> the footprint with tweezers,  and flow the solder while seating it downt.
> Same method for tacking the initial corner of ICs.

Maybe it's my tweezers, but I had tried those and could not hold the part
properly.  I'm also guessing it had a lot to do with my blood-caffeine level.
IC's are not a problem -- I can slide them in place and press on it with a
finger while I tack down a corner.  If I try to hold down an SOT-23 device
with my finger, it usually tilts the opposite side up and flips it over and
ends up elsewhere on the board.


> For 2-sided ICs, putting flux on the bottom of the pins as well as the PCB
> helps a lot. If you have a wide enough bit, one method is to put solder on
> all the pads, put flux on the pins, hold the part in place and reflow the
> whole row down onto the solder.

What are you calling a "2-sided IC"?  Are you refereing to IC's with pins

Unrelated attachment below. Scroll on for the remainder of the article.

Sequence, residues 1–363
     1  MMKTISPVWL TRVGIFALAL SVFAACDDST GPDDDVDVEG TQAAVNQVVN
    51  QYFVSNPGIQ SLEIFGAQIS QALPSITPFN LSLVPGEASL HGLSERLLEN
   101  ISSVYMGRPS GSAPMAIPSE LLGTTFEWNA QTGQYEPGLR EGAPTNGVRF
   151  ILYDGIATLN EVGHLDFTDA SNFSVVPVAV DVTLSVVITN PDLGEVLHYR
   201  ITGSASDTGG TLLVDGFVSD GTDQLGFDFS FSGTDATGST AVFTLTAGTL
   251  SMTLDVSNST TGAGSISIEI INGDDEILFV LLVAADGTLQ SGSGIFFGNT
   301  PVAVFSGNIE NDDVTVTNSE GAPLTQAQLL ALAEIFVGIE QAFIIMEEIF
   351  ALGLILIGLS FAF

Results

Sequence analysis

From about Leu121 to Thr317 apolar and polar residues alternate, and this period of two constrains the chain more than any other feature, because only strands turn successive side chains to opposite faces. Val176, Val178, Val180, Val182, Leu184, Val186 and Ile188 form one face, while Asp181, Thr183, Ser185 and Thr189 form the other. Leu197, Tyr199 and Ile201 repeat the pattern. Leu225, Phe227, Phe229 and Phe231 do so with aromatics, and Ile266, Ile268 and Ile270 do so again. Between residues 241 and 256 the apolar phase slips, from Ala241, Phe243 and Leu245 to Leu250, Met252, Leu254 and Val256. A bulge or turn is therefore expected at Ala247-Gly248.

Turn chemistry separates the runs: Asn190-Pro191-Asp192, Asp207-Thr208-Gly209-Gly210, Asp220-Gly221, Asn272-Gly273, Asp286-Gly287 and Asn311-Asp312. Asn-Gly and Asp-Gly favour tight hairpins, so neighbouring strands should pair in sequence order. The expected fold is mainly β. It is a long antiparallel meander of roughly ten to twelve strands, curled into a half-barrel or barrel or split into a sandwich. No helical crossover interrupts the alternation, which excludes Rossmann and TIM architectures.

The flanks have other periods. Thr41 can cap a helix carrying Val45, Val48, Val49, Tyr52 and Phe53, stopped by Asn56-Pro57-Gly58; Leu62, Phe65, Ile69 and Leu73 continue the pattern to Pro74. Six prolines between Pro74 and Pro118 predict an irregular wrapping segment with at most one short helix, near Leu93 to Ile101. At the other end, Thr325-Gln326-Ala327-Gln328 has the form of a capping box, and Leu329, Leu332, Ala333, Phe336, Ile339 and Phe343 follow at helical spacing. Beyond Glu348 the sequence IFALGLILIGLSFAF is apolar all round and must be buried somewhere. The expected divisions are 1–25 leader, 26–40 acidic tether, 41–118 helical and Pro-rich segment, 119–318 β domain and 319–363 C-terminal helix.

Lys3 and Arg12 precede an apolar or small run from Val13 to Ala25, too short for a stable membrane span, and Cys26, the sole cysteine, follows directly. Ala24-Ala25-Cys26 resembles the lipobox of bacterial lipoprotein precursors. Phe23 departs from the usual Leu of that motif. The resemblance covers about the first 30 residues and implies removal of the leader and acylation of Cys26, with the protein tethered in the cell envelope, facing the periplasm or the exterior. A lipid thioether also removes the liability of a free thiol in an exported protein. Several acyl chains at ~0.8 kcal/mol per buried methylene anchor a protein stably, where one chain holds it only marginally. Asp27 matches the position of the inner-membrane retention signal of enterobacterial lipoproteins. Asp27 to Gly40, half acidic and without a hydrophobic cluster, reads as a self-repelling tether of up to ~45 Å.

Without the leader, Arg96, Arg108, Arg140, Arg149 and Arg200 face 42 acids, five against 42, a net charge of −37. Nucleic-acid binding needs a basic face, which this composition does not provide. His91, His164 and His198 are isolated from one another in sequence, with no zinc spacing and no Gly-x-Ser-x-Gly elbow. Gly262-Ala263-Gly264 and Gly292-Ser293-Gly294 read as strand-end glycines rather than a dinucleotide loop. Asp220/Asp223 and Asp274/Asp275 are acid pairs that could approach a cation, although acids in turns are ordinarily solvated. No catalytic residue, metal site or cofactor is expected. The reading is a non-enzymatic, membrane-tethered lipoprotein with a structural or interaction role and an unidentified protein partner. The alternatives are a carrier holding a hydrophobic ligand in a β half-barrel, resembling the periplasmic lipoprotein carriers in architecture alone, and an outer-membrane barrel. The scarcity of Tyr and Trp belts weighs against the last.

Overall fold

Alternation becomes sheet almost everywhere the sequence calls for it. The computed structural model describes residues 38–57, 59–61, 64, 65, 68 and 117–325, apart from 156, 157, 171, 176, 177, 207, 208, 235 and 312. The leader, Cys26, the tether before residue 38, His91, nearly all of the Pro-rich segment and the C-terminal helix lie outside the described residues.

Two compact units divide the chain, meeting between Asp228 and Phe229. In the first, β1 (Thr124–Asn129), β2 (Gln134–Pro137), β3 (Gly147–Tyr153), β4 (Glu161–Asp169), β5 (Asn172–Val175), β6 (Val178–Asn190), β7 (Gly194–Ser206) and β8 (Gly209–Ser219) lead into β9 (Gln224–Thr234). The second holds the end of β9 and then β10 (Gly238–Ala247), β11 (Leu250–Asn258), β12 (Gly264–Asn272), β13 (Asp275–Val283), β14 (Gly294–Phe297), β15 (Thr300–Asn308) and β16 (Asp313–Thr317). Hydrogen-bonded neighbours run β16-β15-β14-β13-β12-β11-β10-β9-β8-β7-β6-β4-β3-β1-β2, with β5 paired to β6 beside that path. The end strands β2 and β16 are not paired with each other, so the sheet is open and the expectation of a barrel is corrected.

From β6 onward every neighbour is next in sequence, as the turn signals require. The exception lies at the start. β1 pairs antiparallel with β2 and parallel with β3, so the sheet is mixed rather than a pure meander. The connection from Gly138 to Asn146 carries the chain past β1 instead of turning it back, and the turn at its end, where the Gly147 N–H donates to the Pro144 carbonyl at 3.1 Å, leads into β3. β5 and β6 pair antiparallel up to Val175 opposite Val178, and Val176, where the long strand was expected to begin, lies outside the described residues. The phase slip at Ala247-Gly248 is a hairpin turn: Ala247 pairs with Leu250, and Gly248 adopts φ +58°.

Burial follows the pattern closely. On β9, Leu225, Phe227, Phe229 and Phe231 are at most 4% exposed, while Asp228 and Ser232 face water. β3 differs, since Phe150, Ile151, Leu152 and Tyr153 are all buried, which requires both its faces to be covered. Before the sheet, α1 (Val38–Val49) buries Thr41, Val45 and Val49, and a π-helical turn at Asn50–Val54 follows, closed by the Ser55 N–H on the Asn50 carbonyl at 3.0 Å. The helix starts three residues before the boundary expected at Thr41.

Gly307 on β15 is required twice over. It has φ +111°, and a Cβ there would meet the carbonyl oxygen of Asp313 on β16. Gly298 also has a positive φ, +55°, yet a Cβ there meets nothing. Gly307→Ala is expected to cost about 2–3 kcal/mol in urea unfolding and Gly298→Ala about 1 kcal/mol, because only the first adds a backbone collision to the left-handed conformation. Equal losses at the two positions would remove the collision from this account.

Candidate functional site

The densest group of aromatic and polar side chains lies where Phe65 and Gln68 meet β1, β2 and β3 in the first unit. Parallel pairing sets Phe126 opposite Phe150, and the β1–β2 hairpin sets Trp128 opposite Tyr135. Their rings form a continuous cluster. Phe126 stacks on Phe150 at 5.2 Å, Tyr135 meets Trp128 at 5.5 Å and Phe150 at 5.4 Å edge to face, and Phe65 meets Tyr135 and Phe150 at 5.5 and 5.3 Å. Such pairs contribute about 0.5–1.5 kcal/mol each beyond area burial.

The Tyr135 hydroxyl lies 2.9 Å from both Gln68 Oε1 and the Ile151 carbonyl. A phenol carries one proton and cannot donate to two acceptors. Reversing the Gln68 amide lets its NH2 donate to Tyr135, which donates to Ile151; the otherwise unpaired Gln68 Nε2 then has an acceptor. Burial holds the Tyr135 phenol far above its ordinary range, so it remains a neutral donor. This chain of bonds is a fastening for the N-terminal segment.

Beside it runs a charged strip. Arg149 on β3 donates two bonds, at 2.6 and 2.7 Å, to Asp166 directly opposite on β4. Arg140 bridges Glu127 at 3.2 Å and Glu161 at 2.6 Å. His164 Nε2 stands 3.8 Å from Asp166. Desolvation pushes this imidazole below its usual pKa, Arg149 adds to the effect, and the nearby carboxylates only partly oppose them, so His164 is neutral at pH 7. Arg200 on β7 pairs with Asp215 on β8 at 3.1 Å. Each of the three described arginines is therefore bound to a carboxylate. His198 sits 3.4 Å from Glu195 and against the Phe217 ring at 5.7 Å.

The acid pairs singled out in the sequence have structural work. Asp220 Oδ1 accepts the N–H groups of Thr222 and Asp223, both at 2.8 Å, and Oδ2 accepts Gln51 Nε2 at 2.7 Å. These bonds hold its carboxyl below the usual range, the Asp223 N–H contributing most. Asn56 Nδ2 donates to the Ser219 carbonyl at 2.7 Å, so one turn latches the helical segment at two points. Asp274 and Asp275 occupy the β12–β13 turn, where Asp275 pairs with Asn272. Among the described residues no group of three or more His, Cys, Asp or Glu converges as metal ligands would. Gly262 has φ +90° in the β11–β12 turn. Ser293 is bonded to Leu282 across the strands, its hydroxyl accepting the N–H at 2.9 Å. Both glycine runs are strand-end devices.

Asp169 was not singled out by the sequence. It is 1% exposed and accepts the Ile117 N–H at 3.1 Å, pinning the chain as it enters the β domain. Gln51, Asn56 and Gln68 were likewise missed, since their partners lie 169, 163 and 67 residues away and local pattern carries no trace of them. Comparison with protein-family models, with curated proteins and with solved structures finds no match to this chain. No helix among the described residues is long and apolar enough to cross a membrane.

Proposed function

under them, such as PLCC's?


> For braiding off excess solder, one method to minimise heat is to hold a
> loop of  braid over the iron bit and then touch the braid/iron combination
> onto the pad.

That sounds awesome -- I must try that.  So far I've been laying the braid on
the pins and pulling/sliding it across all the pins while I simultaneously
hold the iron on the braid and slide it together with the braid.


> "Soder-Wick" brand is the only braid worth using. There is s HUGE
> difference between good and bad solder braid.

Will look for it.  So far I've been using Techspray .055" braid.


> If reworking, ALWAYS clean off old flux and put fresh on. You can never